Survey claims that teen ?internet addicts? are likely to encounter spelling troubles

Net addiction ?disrupts teenage learning?

Teenagers who frequently use PCs and internet services are more likely to plagiarise work and have impaired writing skills, a study claims.

According to research published by Cranfield School of Management, over a third of its surveyed respondents (each aged between 11-18) admitted that text shortcuts damaged the quality of their written English, particularly in terms of spelling.

The research was based on a sample of over 260 students from an anonymous secondary school in the UK.

“Our research shows that technology obsession hinders spelling skills, implicitly encourages plagiarism, and disrupts classroom learning,” claimed Andrew Kakabadse, the author of the report.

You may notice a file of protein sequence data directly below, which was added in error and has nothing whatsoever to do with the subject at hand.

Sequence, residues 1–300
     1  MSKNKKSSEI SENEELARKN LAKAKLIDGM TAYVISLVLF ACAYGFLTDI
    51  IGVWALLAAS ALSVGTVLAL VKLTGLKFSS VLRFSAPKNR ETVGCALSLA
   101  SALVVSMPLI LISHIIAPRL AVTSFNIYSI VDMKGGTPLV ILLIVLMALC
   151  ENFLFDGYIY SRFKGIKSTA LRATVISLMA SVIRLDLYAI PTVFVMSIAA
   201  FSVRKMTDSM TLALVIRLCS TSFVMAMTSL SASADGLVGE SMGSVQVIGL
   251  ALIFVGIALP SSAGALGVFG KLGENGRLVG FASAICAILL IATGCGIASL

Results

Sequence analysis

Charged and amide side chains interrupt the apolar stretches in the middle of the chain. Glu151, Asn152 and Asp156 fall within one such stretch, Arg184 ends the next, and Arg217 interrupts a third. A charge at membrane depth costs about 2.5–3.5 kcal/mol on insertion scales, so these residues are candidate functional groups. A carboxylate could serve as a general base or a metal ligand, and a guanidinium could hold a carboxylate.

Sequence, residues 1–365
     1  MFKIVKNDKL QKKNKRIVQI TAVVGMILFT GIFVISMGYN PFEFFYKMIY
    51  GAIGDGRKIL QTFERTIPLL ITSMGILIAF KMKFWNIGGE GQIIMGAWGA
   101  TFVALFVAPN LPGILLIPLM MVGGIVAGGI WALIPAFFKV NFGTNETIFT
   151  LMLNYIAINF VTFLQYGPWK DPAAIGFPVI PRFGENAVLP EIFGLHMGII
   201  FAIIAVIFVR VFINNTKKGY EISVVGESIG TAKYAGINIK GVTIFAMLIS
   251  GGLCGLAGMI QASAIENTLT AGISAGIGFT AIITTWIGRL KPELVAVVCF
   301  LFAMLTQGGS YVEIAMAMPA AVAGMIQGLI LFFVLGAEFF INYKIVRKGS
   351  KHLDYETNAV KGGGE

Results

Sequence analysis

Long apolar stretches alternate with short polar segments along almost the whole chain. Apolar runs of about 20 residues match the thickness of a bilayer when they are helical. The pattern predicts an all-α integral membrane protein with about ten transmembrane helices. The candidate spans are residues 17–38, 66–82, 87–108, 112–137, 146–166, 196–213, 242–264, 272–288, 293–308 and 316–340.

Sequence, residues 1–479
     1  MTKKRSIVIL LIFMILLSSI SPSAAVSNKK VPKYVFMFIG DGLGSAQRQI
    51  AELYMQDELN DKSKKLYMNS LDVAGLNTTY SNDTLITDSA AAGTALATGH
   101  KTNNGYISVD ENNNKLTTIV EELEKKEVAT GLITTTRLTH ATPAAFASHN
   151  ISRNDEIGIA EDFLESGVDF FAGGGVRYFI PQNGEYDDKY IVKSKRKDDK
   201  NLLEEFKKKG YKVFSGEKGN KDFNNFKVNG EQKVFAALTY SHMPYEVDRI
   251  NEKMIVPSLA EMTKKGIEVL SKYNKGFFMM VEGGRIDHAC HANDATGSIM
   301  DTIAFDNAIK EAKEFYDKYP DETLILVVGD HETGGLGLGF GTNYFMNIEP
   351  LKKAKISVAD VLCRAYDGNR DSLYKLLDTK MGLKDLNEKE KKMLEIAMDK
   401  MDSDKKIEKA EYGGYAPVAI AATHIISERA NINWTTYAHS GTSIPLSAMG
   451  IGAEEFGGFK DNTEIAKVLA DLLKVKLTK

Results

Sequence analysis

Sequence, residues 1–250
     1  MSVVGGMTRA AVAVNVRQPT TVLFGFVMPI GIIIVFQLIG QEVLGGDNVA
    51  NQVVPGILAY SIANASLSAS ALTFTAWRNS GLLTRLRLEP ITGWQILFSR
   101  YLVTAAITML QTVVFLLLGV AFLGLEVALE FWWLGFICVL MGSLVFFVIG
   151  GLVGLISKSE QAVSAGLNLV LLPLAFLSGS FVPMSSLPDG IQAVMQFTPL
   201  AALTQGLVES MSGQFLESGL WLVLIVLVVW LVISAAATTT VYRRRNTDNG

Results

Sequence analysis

“Shockingly, a high proportion of teenagers [59.2%] admitted to inserting information straight from the internet into schoolwork, without actually reading or changing it,” he said.

“Almost a third deemed this as acceptable practice despite recognising that such behaviour is considered plagiarism.”

Kakabadse, a professor at Cranfield School of Management, added that the survey saw 60 per cent of its respondents admit to being addicted to the internet, and 50 per cent were addicted to their mobile phones.

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